Why Everest and the Grand Canyon are so small. Yes, SMALL!
“How well I have learned that there is no fence to sit on between heaven and hell. There is a deep, wide gulf, a chasm, and in that chasm is no place for any man.” –Johnny Cash
Here on planet Earth, the largest mountains seem absolutely incredible, stretching tens of thousands of feet from top to bottom. The grandest valleys are absolutely tremendous, spanning hundreds of miles in length, more than a dozen miles wide and over a mile deep. These fantastic features — Mount Everest, Mauna Kea, the Grand Canyon — are some of the greatest natural wonders our planet has to offer. As the largest rocky planet in our Solar System, you’d think Earth would be awfully tough to beat on these fronts. And yet, these massively imposing structures are downright paltry when it comes to what else goes on in our Solar System.
Earth’s tallest mountain, Mauna Kea, extends over 30,000 feet (about 6 miles, or nearly 10 km) from base-to-peak. Nearly a mile (1.5 km) larger than Everest by this metric, none of the other famed mountains on Earth compare. But our Solar System is full of worlds much smaller than Earth with much, much larger mountains or high-elevation features than our world has ever known. Our little sister world, Mars , at barely half the diameter of Earth, has a series of mountains that outstrip anything our world possesses. It’s fantastic mountains include Pavonis Mons (6.8 miles/11 km), Elysium Mons (7.8 miles/13.9 km), Ascraeus Mons (9.3 miles/15 km) and the grandest one of all, Olympus Mons, which is more than twice the size of Mauna Kea from base-to-peak, at a tremendous 13.7 miles (around 22 km).
It isn’t just Mars that dwarfs Earth, either. Many of the well-studied moons in our Solar System have features far grander than our planet, and likely other worlds that we haven’t studied as well can defeat Earth as well. Some of the worlds that have taller mountains that we do include:
- Jupiter’s moon Io, slightly smaller than our own Moon, has a number of enormous mountains on its volcanically active surface, with Boösaule Montes as the largest, which measures 10.6 miles (17 km) from base-to-peak.
- Saturn’s moon Iapetus, just half the size of Io, has an equatorial ridge that rises up 12.6 miles (20 km) from base-to-peak, encircling the entire world. It’s origin is still a mystery.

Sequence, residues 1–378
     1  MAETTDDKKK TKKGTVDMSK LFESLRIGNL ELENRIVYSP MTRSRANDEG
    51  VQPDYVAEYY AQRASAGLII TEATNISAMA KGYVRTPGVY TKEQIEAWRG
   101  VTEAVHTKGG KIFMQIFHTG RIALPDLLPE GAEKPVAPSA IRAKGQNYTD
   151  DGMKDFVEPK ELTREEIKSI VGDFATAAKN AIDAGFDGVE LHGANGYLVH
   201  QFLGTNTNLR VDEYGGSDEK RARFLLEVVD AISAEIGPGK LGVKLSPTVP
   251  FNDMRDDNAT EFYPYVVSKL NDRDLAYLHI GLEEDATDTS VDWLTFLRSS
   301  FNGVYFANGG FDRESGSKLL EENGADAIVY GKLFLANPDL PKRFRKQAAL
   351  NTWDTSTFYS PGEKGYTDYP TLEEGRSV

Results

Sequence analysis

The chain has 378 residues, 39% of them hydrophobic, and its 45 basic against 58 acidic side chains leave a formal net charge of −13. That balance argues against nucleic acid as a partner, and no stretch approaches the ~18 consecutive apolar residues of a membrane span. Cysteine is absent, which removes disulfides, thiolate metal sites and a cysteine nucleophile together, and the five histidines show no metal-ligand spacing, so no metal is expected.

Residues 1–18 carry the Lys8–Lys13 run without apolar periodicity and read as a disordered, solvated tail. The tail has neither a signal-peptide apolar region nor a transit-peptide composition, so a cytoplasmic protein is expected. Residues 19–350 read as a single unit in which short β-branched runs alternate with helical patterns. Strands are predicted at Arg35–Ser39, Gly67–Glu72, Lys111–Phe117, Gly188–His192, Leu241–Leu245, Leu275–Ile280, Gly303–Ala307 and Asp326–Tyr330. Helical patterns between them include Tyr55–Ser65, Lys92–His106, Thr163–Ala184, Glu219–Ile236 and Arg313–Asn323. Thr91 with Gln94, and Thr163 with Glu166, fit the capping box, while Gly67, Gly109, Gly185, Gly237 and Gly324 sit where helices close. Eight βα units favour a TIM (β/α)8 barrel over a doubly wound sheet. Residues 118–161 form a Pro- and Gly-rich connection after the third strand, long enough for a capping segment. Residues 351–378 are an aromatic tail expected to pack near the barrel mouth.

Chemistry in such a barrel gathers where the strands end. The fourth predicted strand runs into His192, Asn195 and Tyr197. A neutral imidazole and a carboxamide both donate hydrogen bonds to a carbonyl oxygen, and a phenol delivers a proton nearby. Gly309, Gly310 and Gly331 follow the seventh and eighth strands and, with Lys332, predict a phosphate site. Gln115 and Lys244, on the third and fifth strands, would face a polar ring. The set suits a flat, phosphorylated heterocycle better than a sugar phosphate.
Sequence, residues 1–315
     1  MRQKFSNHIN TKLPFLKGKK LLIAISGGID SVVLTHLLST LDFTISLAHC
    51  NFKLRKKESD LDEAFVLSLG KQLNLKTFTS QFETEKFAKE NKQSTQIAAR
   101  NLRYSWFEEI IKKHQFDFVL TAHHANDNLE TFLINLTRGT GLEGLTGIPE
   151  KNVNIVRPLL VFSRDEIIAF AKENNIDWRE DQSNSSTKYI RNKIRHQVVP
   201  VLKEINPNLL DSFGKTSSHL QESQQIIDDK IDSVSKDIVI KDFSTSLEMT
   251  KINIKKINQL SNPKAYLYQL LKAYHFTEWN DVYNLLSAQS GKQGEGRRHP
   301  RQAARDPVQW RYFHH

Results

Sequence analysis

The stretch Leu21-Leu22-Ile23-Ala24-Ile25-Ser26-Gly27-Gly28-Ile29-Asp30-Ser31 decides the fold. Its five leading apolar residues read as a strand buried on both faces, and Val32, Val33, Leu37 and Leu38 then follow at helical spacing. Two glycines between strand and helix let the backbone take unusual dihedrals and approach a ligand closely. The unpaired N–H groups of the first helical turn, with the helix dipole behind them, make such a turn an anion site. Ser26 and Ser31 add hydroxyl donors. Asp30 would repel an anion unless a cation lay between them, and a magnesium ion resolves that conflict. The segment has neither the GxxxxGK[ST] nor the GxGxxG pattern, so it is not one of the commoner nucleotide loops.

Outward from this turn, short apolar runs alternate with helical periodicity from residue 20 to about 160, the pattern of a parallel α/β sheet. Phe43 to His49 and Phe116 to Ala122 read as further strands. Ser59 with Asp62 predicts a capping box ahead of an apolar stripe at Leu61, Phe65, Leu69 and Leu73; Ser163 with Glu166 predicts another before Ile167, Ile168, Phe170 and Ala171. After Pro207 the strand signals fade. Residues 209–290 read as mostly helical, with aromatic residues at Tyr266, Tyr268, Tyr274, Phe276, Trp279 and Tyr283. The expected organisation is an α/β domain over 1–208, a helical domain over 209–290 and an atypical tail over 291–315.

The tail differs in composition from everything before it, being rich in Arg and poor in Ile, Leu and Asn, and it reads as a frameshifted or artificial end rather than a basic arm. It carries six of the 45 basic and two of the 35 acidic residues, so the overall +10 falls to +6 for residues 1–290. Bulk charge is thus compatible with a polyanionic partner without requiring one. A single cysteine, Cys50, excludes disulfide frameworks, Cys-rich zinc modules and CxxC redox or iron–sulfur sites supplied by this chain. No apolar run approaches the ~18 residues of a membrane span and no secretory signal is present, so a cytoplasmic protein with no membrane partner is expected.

- And most impressively, the second largest asteroid, Vesta, with a diameter of only 326 miles (525 km), has the Solar System’s largest mountain of all: Rheasilvia Mons, with an incredible base-to-peak height of 14.2 miles (23 km), having arisen from an impact that made a crater more than 90% of Vesta’s diameter.
The same pattern applies to the grandest canyons as well. Sure, the grand canyon is legitimately big, carved by thawing ice ages repeatedly flowing in massive deluges down the same path over hundreds of millions of years. But other worlds have other means of carving massive paths: glaciers, other surface liquids, or geologic cracking and cooling.
Valles Marineris on Mars is over 2500 miles long, 120 miles wide and 4 miles deep, dwarfing Earth’s grand canyon. Even the rift valleys in the mid-ocean on Earth may not stand up to this magnificent martian feature. In addition, Mercury’s enormous scarps leave cliffs that are 600 miles long and more than 1.8 miles high. In the outer Solar System, Uranus’ moon Miranda has a cliff-like feature — Verona Rupes — that’s an incredible 12 miles (20 kilometers) deep, the largest known in the Solar System. And New Horizons recently discovered a comparably massive chasm on Pluto’s moon Charon: Argo Chasma, at an estimated 430 miles in length and around 5.5 miles (9 km) deep, with spots potentially rivaling Verona Rupes for the largest cliff face in the Solar System.
So why does Earth, the Solar System’s largest rocky world, not have the largest mountains and chasms in the Solar System? And why is it surpassed by worlds so much smaller? That, itself, is the answer: smaller worlds have less gravity, less sphericity, less uniformity, and less resistance to having their shape deformed by outside forces. Whether geologic activity, cooling-and-contraction, volcanism, or impacts from bombardment, the same forces that form these features on Earth are more effective on smaller, less massive worlds. Without large amounts of gravity to regulate and dampen these features, they can grow to enormous proportions, encircling an entire world or — as may be the case in Saturn’s rings — destroying it entirely.
Little worlds have bigger features, and so the “tallest mountain” or “grandest canyon” on Earth just can’t compete with the rest of the Solar System. Who knows? Perhaps an unexplored, small world that’s still out there will shatter these records entirely, and that the Solar System’s record book still has many more pages that need to be written?